The veggie sandwich, which comes on toast, has no burgery patty. But what it does have post-cheese is lettuce, tomato, mustard, pickles and avocado. (You can add avocado to the veggie burger, too, but it’ll cost you — $1.50 I think.)

And there’s calorie info on the website, too. The veggie burger weighs in at 581 (that’s some accurate lab they must use!) but that’s with the dressing, so I figure you’re saving at least a hundred calories by going ketchup or mustard or dry.  And the veggie sandwich says 398 but that’s with ewwy milk-of-another-animal cheese.

So there. Now you know about another fast food option. At least if you find yourself in SoCal, Central Cal, or Vegas Cal. If you’re in a different Cal, check out this great website if you don’t already know about it, which makes a pretty good effort to document what’s available to us eaters-of-the-future at the various fast food joints and other chains across this great American fastfoodjointandotherchainscape.

Oh. And if you liked this review, ring my bell.

Babycakes LA… rchmont

4 Dec

Babycakes NYC
130 East 6th Street
Los Angeles, CA 90014
213.623.5555

At almost half a hundred years of age I should be better with change. Because it’s probably something you can learn to deal with over time, right? It’s not genetic, is it? Yet it often throws me.

Today I went to Babycakes downtown. What a nice drive I had, no traffic on the 5, over the 4th street bridge, okay I had to circle the block for a meter, and then okay the meter was $3.00 an hour (which doesn’t sound nearly as bad as the TWENTY-FIVE CENTS FOR FIVE MINUTES that it works out to) but still. Things were going well.

Then I opened the door to Babycakes. Was I in the wrong place? Did I step into something next door by mistake — you know, like the way I walked into the coffee house next to Scoops once and asked for some ice cream. (I’m scoopid like that.) But nope, I was in the right place, it was the world that had gone wrong.

Step through the door of Babycakes now and you are greeted by… another door. A drab, hastily erected in a hastily erected wall, door. And, it’s maybe ten feet from the front door. Huh?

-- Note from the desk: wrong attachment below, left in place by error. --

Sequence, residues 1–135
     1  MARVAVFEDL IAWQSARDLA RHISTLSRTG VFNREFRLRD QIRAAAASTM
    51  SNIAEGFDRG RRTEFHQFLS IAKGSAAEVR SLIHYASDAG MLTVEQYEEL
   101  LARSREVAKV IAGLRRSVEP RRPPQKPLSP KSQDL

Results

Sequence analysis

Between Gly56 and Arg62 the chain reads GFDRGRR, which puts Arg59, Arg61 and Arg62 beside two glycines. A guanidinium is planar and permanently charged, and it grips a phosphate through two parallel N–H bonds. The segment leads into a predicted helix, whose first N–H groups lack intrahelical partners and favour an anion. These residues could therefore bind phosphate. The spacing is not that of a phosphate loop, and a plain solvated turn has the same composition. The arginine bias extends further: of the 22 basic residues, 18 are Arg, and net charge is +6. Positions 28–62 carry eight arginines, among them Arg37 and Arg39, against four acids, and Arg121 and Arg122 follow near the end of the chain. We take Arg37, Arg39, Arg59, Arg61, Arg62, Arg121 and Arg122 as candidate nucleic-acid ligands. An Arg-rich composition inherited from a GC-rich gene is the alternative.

See that sculpture on the wall of the birds or whatever? Now scroll to the first photo up top and you'll see those birds through the window.

A look to the left revealed a tiny counter, with a small display case of items. WHAT THE HELL HAPPENED?

As the friendly person behind the counter explained to me, “I just came into work one day and this wall was there.”  Turns out, Babycakes is opening up in Larchmont Village, which they’ve already tweeted about, and as a result they have more or less turned their charming, inviting, makes-you-feel-good-to-be-a-vegan location downtown into what now has all the warmth of a check-cashing joint.

Oh, and they’ve also chopped the hours. It’s now only open to 7pm, and 9 on the weekends, whereas they used to be open till 11 some nights!

Look, it’s a business, I get it. They decided they’d probably do better in Larchmont and so they’re turning their downtown spot into a baking operation with a tiny space for some retail sales. Or at least that’s my guess about what they’ve decided. There’s still one table for two inside, but seriously, you feel like you’re sitting at a table in the lobby of an industrial printing plant.  Ugh. (There’s also one table outside.)

The food, I should mention, is still really good. Doughnuts, toasties, crumb cakes — I serve these things to non-vegans and they love it and have no clue. Then they realize I’m eating it too and say, “This is vegan? Really?”  Because, you know, all vegan food contains feces, right?

I actually didn’t like Babycakes the first time I tried it, which was at the old M Cafe in Culver City. And I gave it a chance, too. Tried a few different things. Then one time I was downtown and decided to stop by their charming (I’m starting to cry again) shop. Holy crap, was it good! Maybe I didn’t try the right things at M Cafe, maybe it wasn’t as fresh, maybe M Cafe didn’t carry some of the stuff I was trying downtown, but man, it was all very good and some of it great.

Anyway, the food is still just as good. And I guess it’ll be nice to have them in Larchmont (also known as the most inconvenient part of the city to get to from my home) but if the momma store had to (almost) die to birth this baby, I’m not sure the doctors made the right decision.

Anyway, I was told they plan to open in Larchmont in the second half of December or early January. And I wish them the best, I really do. In fact, maybe they’ll do so well in Larchmont they can open a third location, and then a fourth, and then need a bigger bakery in a commercial space and reconstitute the downtown shop!

Yeah, and I suppose journalism will return to the world, too.